Throughout this time the Dept. continued to accept import approval applications under old SEVS well beyond the designated quotas, leading the industry as a whole to believe the limits had been lifted as part of the transition period (since the Dept. itself had caused so many delays and there was no tracking of the numbers when applying).
Until this week… when the Dept. announced the quota system would be strictly enforced on the old SEVS approvals.
Some workshops are now over quota by 4 to 6 months, ie. almost up to the end of old SEVS.
Any MA vehicles bought today would likely take 6 to 8 months to be on road – few private buyers are prepared to wait that long to import a vehicle but if they don’t commit then in another month or two the remaining compliance plate allocations under old SEVS will all be spoken for anyway and it will no longer be possible.
That means that importing has effectively STOPPED this week for the most popular MA category vehicles under the old SEVS, putting an unexpectedly sudden end to all the old SEVS models that will not be eligible for import under the new SEVS criteria – Cube, non-hybrid Alphard / Vellfire / Estima, Elgrand etc.
It has also put something like a 6 month block on buying models which WILL be on the new SEVS like the Leaf 40kWh, hybrid Alphard / Vellfire, Crowns and a whole range of other MA category vehicles, since it could take new SEVS that long to be actually usable.
What can we still import ?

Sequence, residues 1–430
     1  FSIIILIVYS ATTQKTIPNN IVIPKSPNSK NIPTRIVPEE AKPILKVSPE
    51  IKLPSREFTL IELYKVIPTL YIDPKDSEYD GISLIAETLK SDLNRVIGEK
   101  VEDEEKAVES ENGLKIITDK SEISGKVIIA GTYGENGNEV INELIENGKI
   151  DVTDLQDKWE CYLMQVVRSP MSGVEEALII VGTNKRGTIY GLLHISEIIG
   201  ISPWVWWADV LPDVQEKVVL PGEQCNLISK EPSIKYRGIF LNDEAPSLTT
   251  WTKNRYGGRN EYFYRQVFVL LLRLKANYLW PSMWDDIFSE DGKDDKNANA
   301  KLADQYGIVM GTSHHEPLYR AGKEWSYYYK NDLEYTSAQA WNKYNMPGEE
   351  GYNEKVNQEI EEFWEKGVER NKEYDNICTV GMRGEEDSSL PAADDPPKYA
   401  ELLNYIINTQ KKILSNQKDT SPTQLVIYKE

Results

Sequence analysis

Anything other than MA category models is still OK under old SEVS for the next 6 months or so. This includes Hiaces, Delicas, hybrid Estimas etc.
Anything on the interim SEVS list is also OK, this includes the Toyota Aristo JZS161, Suzuki Alto Works and Swift hybrid, 2013 to 2016 Mercedes S400 hybrid, 2014+ Prius, Mazda 3 hybrid, Honda Fit hybrid, Leaf e+ 62kWh and a few others. But only up to July 2022.
Other Repercussions ?
Some cars already bought and on their way to Australia won’t be complied for 4 to 6 months.
Some cars will be stuck on the Ports incurring storage while waiting for import approvals.
New client orders for affected MA category vehicles cannot be taken until the situation is resolved and there is some certainty for the compliance timeframe.
In time this will all resolve, whether by direct Govt. intervention over the next few weeks or if not, sometime in 2022 when the new SEVS is finally available for use [INSERT on hold music here…].
Looking further ahead, there is some good news once this is all over – the future for imports is looking bright with a lot of new models that will be very popular for Australia.
But after being put through the wringer by the Govt. for 6 years already, it looks like we still have another 6 months of pain ahead…
The industry is currently appealing to the relevant Minister, requesting he use his discretionary powers to lift the quotas on the old SEVS during the interim period, details are included below if you wish to add your voice and of course make sure to keep it factual, polite and to the point:
The Hon Barnaby Joyce MP
Deputy Prime Minister and Minister for Infrastructure, Transport and Regional Development